Featuring: Margaret Atwood, Conrad Black, Albanian Llesh Prenaga and his family, Petrit and his family, economist Raj Patel, religious writer and thinker Karen Armstrong, International Crisis Group CEO Louise Arbour, ecologist and academic William Rees
The NFB outbid independent producers to get the rights to Margaret Atwood’s acclaimed Massey Lecture series—and then got award-winning essayist documentarian Baichwal (Manufactured Landscapes, Let It Come Down) to direct it. Needless to say, expectations were high in Canadian cultural circles.
Literary adaptation; social issue doc; essay film
“I started thinking about debt for a number of reasons, but among them was my puzzlement over a turn of phrase, ‘He’s paid his debt to society.” What happens when people don’t pay their debts, or can’t pay their debts, or won’t pay their debts? What if the debt by its very nature can’t be repaid with money’?”—Margaret Atwood, reading from her book Payback in the new Baichwal film.
Psychological, historical, ethical, anecdotal, literarily critical, Payback is many things to Atwood and Baichwal. It’s a standoff in rural Albania, where Llesh Prenaga’s family are living in the equivalent of house arrest, knowing that if they leave their home, Petrit can kill them and everyone will accept it as a debt repaid—because Llesh had shot at him first. It’s Conrad Black ruminating about the justice of his stay in prison and whether he truly owed a debt to society. It’s Karen Armstrong considering the religious implication of owing a debt. It’s William Rees wondering whether we have a debt to the land—to treat it well. It’s Latin American tomato pickers in the U.S. who feel that they deserve a better wage—that society has a debt to them for their good work. It’s Atwood wondering why we all hate Dickens’ Scrooge and concluding it’s because “he’s a rich old miser…Money is like blood in that it has to circulate or it’s meaningless.”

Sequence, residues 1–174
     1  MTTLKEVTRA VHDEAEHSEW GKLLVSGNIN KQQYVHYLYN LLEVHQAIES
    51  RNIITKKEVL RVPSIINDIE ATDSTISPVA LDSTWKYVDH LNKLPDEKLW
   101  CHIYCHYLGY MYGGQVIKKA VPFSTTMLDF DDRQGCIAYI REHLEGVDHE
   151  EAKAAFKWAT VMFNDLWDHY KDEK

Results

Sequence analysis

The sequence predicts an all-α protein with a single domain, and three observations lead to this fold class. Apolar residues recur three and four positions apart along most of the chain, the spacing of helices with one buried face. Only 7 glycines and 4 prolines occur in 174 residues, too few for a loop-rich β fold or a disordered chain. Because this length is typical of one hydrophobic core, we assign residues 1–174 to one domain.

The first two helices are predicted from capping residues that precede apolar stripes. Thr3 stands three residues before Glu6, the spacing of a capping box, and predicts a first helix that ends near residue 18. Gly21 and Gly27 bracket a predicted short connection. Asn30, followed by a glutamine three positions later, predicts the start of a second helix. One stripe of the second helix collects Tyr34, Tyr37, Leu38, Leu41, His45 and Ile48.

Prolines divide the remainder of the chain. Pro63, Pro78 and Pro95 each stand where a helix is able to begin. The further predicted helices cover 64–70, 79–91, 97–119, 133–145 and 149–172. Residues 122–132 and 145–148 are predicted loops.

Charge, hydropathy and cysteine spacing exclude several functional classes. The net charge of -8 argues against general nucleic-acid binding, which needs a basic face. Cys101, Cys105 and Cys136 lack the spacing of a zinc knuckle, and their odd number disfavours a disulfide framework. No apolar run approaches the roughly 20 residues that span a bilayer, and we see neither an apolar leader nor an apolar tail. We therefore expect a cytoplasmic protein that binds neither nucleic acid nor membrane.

How do you rank performances in a documentary? You can’t. However, it’s fair to say that Atwood is stellar as an occasional narrator, eccentrically reading from her text. And that Conrad Black is surprisingly effective as a slightly vulnerable older man.
Baichwal is a great essayist. Arguably, she’s Canada’s finest documentarian. This film features her strengths: the ability to string together a series of disparate elements and make them cohere; the eye for detail that make the hills of Albania or a political rally in a small town in America come alive; the intellectual vivacity to engage in complex aesthetic and ethical issues and make them fascinating.
Despite my admiration of Atwood and Baichwal, there’s a problem with this film: with Europe’s debt crisis reaching epic proportions and the U.S. fighting an on-going recession, isn’t Atwood fiddling while Rome burns? And isn’t Baichwal complicit in the situation?